by Dan Coates, Ypulse
What defines the character of a generation and how does each generation develop its unique identity? We’ve all heard one or more of the current generational monikers: The G.I. Generation, The Silent Generation, Baby Boomers, Generation X and, most recently, The Millennials. Are there substantive differences between each of America’s generations, or is this all a lot of hot air?
Since 2004, Ypulse has studied members of the millennial generation – a generational appellation coined in the year 1992 by Neil Howe and Bill Strauss in their book “Generations”, defining those born between 1982 and 2004 as ‘Millennials’ for the simple reason that their earliest members would graduate from high school at the turn of the Millennium.
In studying this generation, we’ve witnessed firsthand how and why generations develop the way they do. Ypulse was founded in the year that the last batch of millennials were born, studying them from the year when their youngest members were still in diapers to a time when 7,500 millennials become parents each and every day in the year 2015.
In order to understand millennials, you have to understand their parents. In order to understand the parents of millennials, you have to understand the parents of the parents of millennials. History is a powerful predictor.
Children born in the year 1982 were mostly born to Boomer parents. As with all other stages and phases of their journey through history, the Baby Boomer generation reinvented parenting as an expression of what they didn’t like about their own childhood. Boomers were parented largely by the G.I. Generation who were strong advocates of order and hierarchy, so Boomers often heard phrases like “children should be seen but not heard” and “children should speak when they are spoken to” as they grew up. Boomers rejected this authoritative mindset and vowed that as they themselves became parents, they would ensure that their children were given central, meaningful roles within the family structure. In fact, in their attempts to create a flattened family structure, some Boomers put their kids in charge of the household, relegating themselves to the role of customer service representative dedicated to satisfying each and every whim of their precious offspring.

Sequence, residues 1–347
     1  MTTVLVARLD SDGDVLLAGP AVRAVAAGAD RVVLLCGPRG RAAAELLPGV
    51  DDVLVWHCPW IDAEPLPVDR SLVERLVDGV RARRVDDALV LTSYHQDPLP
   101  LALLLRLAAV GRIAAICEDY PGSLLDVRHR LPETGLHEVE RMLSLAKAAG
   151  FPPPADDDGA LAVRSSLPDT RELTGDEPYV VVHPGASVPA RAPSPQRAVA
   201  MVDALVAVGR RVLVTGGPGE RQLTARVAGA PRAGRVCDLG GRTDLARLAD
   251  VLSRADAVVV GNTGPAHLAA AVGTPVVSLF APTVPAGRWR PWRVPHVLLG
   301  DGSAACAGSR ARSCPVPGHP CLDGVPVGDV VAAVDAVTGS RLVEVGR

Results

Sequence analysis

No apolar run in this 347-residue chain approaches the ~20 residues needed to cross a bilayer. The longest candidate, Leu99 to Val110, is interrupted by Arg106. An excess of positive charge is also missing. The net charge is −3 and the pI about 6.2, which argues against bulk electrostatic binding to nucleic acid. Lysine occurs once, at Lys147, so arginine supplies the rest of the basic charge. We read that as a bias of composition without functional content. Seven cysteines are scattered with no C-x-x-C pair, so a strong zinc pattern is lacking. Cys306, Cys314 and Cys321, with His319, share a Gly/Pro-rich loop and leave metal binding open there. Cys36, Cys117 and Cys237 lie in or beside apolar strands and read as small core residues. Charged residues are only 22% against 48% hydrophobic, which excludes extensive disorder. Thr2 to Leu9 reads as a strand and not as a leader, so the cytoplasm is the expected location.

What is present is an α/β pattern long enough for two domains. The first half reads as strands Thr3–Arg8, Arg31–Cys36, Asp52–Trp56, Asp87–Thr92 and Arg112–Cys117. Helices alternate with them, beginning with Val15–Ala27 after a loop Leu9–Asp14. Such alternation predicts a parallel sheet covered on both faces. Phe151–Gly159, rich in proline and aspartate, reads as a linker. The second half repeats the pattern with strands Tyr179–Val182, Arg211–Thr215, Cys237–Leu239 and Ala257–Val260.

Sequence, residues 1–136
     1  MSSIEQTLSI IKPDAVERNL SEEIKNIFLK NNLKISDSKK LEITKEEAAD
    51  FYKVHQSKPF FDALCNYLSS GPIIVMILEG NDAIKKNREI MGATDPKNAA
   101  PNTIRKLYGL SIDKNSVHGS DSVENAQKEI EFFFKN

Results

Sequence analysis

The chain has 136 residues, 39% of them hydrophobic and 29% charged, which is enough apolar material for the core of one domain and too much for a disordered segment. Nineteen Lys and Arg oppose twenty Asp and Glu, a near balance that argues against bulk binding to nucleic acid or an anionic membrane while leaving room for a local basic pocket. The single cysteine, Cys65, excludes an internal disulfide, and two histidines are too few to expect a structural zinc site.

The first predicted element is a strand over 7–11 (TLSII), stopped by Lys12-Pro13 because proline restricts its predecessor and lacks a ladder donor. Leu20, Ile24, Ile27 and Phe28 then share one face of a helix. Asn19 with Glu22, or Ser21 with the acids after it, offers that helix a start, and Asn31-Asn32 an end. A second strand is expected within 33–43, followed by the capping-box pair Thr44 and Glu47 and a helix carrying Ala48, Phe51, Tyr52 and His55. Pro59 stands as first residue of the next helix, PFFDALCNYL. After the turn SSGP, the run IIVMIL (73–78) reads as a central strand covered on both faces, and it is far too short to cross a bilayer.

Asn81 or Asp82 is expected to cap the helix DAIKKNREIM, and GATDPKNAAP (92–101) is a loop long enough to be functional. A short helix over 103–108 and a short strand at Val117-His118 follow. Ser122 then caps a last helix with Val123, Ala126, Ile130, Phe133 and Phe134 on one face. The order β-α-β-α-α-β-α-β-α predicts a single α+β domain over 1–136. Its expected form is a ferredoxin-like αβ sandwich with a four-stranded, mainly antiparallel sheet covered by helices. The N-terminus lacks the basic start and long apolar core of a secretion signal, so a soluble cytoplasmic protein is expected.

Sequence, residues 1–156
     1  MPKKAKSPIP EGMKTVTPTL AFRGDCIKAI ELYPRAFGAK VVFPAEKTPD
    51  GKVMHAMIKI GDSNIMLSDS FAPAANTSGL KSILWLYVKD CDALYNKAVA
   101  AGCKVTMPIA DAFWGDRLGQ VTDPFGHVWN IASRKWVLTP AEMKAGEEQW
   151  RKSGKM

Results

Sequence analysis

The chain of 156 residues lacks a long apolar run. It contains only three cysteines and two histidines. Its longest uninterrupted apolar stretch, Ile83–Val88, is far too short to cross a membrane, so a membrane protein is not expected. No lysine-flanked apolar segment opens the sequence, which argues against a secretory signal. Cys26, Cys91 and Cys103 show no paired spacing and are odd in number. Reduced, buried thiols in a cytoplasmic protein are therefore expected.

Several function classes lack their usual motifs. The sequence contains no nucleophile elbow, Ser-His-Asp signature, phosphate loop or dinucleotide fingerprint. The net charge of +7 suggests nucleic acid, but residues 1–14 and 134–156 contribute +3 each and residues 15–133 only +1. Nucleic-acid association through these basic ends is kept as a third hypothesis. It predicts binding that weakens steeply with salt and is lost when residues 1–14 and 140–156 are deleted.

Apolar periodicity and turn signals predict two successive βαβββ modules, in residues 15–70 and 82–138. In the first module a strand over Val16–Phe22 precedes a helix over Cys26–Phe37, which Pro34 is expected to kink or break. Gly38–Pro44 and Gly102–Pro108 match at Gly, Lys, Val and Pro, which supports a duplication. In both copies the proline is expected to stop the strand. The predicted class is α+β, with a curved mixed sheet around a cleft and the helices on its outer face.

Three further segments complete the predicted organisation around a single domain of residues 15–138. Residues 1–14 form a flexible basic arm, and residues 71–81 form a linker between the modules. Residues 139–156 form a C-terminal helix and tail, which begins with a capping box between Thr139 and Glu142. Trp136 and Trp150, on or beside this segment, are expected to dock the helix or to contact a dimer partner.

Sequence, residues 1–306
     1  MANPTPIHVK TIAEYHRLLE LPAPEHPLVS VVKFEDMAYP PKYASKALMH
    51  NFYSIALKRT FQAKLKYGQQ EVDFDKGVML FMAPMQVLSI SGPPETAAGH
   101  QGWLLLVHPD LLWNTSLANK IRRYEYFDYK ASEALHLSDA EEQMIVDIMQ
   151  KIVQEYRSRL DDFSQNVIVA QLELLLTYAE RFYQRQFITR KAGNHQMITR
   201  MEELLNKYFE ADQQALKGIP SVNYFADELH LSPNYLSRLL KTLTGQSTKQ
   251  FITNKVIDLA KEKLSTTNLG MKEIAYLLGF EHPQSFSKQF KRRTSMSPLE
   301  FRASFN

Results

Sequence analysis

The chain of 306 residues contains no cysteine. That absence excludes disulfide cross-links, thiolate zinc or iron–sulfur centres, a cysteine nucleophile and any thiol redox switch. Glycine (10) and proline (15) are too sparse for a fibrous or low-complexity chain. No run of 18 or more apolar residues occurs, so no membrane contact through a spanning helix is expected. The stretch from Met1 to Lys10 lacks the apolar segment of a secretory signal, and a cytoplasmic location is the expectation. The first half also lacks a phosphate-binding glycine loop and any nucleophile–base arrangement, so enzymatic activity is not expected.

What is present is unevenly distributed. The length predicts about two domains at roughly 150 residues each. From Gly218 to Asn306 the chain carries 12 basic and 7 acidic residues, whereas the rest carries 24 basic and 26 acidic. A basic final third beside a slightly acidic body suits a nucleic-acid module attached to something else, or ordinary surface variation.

While the 60s and 70s represented a time of great change and upheaval in America, the 80s marked a significant shift toward stability and security. Children went from living on the periphery to being centrally important and a number of cultural moments showed that a special generation of children had made their way onto the scene. The founder of Safety 1st, Michael Lerner, was inspired in 1984 to create the ‘Baby on Board’ sign when he had to drive his baby nephew home in busy traffic and found that other vehicles were aggressively passing him. While the rapid spread of this yellow sign in the windows of cars piloted by proud Boomer parents was literally the first sign that things were changing, there were others as well: the demonic representation of children within movies from the 70s (e.g. Rosemary’s Baby, Beyond the Door, The Omen Series) ceded to an angelic representation in movies in the 80s (e.g. Three Men and a Baby and the Look Who’s Talking series). Children were precious and to be sheltered, inspiring a multitude of laws created to protect them (e.g. Megan’s Law and Amber Alerts).